I knew this plant was a Tradescantia species but could never figure out the species. I read several other people’s comments on various forums that had the same question. None of them were answered sufficiently. The only other Tradescantia I could find with hairy heaves was the Tradescantia sillamontana. This plant was definitely not that species. I thought it was perhaps a cross between Tradescantia pallida and Tradescantia sillamontana since it had features of both species.
The plant continued growing and spreading very nicely.
The plant did very well behind one of dad’s sheds under an old Chinese Elm. It started out as part shade but as summer progressed it became more light shade. As the beetles ate holes in the leaves of the tree, more light shone through.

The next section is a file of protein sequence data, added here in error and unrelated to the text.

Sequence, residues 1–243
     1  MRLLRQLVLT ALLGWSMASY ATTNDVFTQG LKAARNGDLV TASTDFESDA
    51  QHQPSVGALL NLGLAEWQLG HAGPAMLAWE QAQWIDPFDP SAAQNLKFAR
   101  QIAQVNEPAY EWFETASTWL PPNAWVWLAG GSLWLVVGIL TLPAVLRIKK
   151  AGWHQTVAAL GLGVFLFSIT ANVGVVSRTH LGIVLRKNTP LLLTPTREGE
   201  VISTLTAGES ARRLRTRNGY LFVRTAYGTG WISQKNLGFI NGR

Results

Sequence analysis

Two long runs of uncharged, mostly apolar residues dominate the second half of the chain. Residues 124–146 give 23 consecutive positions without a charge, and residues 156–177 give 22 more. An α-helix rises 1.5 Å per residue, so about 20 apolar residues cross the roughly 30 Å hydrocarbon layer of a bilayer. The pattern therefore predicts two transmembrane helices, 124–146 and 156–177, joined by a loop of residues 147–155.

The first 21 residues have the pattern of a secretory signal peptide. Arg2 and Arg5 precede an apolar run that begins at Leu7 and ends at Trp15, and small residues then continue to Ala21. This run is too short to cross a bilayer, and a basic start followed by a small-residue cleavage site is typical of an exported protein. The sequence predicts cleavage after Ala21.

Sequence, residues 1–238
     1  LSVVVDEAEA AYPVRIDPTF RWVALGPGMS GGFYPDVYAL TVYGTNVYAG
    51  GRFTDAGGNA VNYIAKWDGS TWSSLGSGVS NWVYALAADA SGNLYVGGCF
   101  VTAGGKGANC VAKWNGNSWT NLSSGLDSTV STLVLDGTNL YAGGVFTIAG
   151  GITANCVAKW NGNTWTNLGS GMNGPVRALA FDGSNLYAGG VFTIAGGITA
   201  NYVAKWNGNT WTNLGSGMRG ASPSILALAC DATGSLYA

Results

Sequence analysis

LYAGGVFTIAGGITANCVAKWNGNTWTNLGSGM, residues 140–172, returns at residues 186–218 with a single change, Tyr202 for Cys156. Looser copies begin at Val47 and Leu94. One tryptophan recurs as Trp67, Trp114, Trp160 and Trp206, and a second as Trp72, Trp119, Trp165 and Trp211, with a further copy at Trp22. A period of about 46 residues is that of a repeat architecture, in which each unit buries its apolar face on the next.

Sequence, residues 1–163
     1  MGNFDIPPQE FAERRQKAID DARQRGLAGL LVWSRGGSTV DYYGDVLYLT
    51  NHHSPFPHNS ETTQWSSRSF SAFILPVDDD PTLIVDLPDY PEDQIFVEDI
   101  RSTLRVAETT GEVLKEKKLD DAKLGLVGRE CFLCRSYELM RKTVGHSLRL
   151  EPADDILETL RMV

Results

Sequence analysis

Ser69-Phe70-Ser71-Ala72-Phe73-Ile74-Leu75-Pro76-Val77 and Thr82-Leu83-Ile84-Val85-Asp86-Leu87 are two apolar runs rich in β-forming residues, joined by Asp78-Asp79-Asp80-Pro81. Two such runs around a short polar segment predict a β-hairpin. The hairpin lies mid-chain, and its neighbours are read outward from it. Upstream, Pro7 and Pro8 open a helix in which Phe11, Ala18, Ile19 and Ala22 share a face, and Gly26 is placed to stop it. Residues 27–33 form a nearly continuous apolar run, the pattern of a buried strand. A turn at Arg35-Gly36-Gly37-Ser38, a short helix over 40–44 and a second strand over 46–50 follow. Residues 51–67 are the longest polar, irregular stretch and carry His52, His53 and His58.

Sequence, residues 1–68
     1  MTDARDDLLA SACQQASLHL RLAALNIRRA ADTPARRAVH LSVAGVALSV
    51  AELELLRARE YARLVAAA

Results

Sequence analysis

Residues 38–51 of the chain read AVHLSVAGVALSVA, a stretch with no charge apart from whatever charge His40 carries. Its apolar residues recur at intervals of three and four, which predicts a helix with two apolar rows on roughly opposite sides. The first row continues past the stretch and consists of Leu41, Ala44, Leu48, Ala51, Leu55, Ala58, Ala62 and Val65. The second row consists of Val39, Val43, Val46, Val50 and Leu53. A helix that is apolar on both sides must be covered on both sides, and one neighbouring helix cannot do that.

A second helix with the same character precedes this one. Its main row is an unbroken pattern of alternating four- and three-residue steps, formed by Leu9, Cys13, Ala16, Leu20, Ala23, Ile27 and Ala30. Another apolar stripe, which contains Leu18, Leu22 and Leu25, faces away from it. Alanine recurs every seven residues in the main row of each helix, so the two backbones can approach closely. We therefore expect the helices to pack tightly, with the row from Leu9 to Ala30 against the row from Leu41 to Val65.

When winter came in 2013, I put a lot of plants in my bedroom including the hairy Purple Heart. This plant is really not suitable for lower light levels and started growing weird.
I gave up most of my plants, including this one, shortly after the above photo was taken. I started collecting again later but some plants just can’t be replaced.
On June 6 while I was plant shopping with my sister and her husband, I ran across several Purple Heart at the Wildwood Greenhouse. I didn’t pay much attention to it t the time and thought it was like the Tradescantia pallida Kyle Hall had given me in 2010. I noticed the color was paler, but I thought maybe that was because of the light.